Banff National Park

The 10 Best Hikes in Banff with Breathtaking Views

Banff National Park, the oldest national park in Canada, is the most popular summer destination with millions of visitors each year. While it offers breathtaking mountain views, scenic road trips and excellent wildlife watching opportunities, many visitors take advantage of spectacular hiking trails in Banff – and who can blame them?

With so many hikes in Banff National Park, it’s not an easy task to choose which one to tackle.

This guide includes best hikes in Banff based on the time of the day, length, difficulty and natural wonders along the way:

1. Parker Ridge: Best Sunrise Hike

  • Distance: 5 km
  • Time: 2 hours
  • Difficulty: Easy

Located along the famous scenic road Icefields Parkway, this hike is often overlooked due to many easily-accessible lookout points. I highly suggest carving out some time for a truly spectacular view after only a few hours of hiking. It’s a locals’ favorite, and the best view is early in the morning when the surrounding mountain peaks are starting to wake up.

The trailhead is signed along the road, and although the hike is steep, the trail is short and easy. It takes you straight up on several switchbacks until you reach the tree-line. That’s where the wildflower meadows open up in every direction. The steady climb continues up the ridge to the view of enormous Saskatchewan Glacier slowly cascading into a turquoise pool underneath.

2. Lake Minnewanka: The Best Sunset Hike

 Lake Minnewanka
  • Distance: any distance along the shoreline (up to 60 km)
  • Time: 1 hour to 2 days
  • Difficulty: Easy

Lake Minnewanka, only 10 km from the town of Banff, is one of the most popular places year-round. It offers boat tours, kayaking and hiking in summer, mountain biking in spring and autumn, and ice skating in winter. It’s jam-packed during the day and most peaceful at sunset.

While most visitors tend to stick to Lake Minnewanka’s shore and enjoy the day at picnic sites, those who venture further from the crowds will be rewarded with amazing views. The trail along Minnewanka starts just past the picnic sites, continues for a kilometre until you reach Stewart Canyon.

You can hike this section any time of the year, but if you’d like to continue, keep in mind there’s a seasonal restriction in place from July 10 to September 15: No bikes or camping is allowed and hiking is permitted only in a tight group of 4 or more . It’s an important grizzly habitat where they feast on flowers and berries.

3. Mount St. Piran: Best Panoramic Hike

Mount St. Piran
  • Distance: 13 km
  • Time: 4 – 5 hours
  • Difficulty: Moderate

I’m sure you’ve seen pictures of Lake Louise thousands of times. Now imagine seeing the turquoise lake with the glacier from a bird’s eye view!

Lake Louise area offers several hikes – Fairview Lookout, Big Beehive, Plain of Six Glaciers, and the least visited of all – Mount St. Piran. I suspect it’s because the trail is not marked on the hiking map you can get at Visitor’s Centre. So, you not only get a great view from the mountain top but also leave the usual crowds behind.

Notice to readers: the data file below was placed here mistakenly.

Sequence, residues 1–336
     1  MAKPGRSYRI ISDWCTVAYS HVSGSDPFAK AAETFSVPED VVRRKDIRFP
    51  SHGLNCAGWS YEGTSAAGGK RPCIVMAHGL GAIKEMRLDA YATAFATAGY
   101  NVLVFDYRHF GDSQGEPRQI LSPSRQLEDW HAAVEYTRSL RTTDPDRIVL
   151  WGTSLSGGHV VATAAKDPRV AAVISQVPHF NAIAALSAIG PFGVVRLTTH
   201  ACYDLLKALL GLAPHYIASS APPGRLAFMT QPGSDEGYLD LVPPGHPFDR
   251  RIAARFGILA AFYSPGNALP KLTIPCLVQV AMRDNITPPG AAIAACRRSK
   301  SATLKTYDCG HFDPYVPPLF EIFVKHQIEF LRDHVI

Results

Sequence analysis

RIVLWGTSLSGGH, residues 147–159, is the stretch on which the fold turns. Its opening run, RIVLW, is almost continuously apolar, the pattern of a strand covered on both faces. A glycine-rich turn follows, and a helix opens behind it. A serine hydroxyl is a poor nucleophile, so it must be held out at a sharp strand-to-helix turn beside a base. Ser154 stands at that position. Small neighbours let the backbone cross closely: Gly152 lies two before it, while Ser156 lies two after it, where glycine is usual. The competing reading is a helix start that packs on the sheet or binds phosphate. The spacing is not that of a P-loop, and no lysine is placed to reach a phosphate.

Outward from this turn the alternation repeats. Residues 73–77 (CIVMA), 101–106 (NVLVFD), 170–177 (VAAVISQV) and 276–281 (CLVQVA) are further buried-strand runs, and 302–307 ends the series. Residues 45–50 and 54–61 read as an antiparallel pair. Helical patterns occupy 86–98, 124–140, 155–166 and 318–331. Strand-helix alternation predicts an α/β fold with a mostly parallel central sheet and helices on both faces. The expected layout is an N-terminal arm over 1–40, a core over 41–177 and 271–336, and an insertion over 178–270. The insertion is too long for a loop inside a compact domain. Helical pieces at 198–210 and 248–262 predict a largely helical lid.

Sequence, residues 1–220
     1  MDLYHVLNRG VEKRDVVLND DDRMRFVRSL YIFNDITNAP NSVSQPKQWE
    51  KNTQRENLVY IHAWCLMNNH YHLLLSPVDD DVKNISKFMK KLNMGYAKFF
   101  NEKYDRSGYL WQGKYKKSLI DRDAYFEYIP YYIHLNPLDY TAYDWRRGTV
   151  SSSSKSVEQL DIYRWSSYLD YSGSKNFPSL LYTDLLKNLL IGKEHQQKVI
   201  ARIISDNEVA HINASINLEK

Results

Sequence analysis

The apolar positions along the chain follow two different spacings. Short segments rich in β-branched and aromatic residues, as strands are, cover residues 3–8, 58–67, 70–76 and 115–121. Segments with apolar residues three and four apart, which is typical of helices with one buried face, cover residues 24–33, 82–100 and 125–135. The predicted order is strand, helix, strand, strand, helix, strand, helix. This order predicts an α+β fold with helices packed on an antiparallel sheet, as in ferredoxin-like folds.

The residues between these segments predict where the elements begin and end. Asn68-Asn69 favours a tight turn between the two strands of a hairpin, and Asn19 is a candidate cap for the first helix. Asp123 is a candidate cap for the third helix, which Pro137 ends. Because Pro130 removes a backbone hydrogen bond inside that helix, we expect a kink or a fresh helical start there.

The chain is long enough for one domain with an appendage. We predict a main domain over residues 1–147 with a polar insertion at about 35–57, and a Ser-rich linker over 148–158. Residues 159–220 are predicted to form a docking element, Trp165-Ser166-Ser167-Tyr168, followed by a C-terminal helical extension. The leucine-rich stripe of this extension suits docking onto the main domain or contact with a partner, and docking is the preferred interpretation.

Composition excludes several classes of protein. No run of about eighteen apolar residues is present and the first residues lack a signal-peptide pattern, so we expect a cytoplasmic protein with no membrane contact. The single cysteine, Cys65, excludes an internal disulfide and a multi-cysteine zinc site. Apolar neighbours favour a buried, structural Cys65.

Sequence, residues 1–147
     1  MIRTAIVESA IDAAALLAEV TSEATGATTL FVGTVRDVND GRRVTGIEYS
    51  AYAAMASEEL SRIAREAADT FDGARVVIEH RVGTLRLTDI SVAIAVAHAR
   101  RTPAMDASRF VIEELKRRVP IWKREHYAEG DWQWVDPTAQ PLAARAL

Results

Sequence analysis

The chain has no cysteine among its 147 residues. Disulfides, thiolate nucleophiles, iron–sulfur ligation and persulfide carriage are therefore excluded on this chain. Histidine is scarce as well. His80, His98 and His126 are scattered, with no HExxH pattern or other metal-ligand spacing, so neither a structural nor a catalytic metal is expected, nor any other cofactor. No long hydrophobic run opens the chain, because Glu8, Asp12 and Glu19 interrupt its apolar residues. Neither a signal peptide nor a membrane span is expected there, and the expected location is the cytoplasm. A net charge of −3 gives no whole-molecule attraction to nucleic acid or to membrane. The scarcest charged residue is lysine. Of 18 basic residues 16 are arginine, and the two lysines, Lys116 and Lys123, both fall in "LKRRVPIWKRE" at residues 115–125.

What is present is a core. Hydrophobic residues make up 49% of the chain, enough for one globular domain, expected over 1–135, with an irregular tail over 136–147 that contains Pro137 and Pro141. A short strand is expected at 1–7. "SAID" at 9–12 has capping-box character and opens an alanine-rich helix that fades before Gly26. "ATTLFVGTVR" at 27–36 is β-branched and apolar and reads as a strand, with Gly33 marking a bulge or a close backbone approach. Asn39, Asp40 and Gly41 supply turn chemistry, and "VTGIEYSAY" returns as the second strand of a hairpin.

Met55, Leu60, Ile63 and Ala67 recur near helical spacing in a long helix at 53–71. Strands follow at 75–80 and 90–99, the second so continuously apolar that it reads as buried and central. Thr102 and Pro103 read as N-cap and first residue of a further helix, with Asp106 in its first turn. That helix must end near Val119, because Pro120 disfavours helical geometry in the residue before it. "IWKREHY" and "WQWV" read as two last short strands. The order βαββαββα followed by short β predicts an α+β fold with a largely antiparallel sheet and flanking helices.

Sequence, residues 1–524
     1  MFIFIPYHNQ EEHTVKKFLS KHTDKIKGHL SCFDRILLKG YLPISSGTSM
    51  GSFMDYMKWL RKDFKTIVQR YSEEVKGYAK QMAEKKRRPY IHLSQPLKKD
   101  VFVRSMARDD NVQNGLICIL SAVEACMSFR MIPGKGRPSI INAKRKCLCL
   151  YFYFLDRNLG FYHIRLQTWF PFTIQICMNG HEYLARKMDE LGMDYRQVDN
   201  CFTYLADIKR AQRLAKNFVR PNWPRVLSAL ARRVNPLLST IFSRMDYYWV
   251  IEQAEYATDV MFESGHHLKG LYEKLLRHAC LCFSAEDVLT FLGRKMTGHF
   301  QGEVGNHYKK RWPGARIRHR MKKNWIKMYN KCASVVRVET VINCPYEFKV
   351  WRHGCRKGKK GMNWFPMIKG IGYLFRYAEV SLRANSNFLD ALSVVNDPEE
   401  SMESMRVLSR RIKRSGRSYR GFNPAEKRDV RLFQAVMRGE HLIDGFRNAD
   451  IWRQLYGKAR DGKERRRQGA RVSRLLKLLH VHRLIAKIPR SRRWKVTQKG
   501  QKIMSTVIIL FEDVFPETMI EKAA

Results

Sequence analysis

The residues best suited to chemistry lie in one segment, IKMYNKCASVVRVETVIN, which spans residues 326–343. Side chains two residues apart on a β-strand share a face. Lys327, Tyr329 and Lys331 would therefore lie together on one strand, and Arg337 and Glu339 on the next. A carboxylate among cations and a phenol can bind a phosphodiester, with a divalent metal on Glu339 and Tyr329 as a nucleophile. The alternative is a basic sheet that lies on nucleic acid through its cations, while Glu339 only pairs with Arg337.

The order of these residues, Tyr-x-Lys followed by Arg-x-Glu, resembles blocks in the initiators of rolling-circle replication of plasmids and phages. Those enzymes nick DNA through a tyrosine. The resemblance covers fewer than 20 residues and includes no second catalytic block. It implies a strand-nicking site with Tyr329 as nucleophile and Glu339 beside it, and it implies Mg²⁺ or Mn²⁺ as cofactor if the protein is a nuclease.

From Lake Louise shoreline, follow the sign for Lake Agnes Tea House as the hike starts on the same trail. Going through the forest on switchbacks, you’ll get an occasional view of Lake Louise. When you reach Mirror Lake, continue following Lake Agnes Trail and then Little Beehive Trail. You will see the sign for Mount St. Piran shortly and climb above the tree line.

The views of the whole Bow Valley, Lake Louise and Victoria Glacier open up. Just a few more switchbacks until you reach the mountain top from which you get a panoramic view of surrounding mountain peaks.

This is hands down one of the best hiking trails in Banff.

4. Sulphur Mountain: Best Views-for-Effort Hike

Sulphur Mountain
  • Distance: 5.5 km one-way
  • Time: 1.5 – 3 hours
  • Difficulty: Moderate

Sulphur Mountain is an excellent year-round hike accessible right from Banff town. You can ride the gondola to the top or choose the steeper and more budget-friendly option of hiking to the top.

You can access the trailhead either by taking a bus from Banff or drive to the Upper Hot Springs parking lot. The trail is a series of switchbacks with a steady incline and offers occasional views of the opposite Rundle Mountain and Banff town.

After 4.5 km, you reach the upper terminal and then walk another kilometre on a boardwalk to the Sanson’s Peak, an old weather station. From the ridge, you get a panoramic view of the mountains. You can also visit the interpretative centre inside the gondola terminal, a restaurant, buffet, or a gift shop. And if you’re tired from the hike, take the gondola down for free after 7 pm in summer and anytime during winter.

5. Healy Pass: Best Wildflower Hike

Healy Pass
  • Distance: 19.4 km
  • Time: 3-4 hours
  • Difficulty: Moderate

Banff National Park has so many alpine lakes that wildflowers might not even cross your mind. But wait until you see the ocean of colourful wildflowers on the way to Healy Pass.

Head just outside of Banff to Sunshine Village ski resort where the trail starts, either by car or free Sunshine shuttle. You will follow a narrow path along the Healy Creek and pass several wooden bridges. If you’re carrying a water bottle with a filter, this hike provides plenty of options to fill up as you go.

About 7 km into the hike, you will get out of the forest onto a vast, colourful meadow. Even though it steepens a bit, you most likely won’t even notice the difference as you will be looking at flowers in all colours imaginable. The magenta coloured flowers called Indian Paintbrush create a gorgeous contrast with green meadows.

6. Johnston Canyon to Ink Pots: Best Waterfall Hike

Johnston Canyon
  • Distance: 12 km
  • Time: 4-5 hours
  • Difficulty: Moderate

Johnston Canyon is hiding one surprise after another. When you think you’ve seen a beautiful waterfall, another one is just around the corner. And if you make it to the end, mystic bubbling pools will blow you away.

From Banff, head west on Bow Valley Parkway where the trailhead is. If you drive after sunrise or before sunset, you might see lots of wildlife along the way. Once you arrive at the Johnston Canyon parking lot, you will see the trail heading into a deep canyon.

You can hike to the Lower Falls, about 1.2 km one-way, to Upper Falls, about 2.7 km one-way or to Ink Pots making the whole trip 12 km long.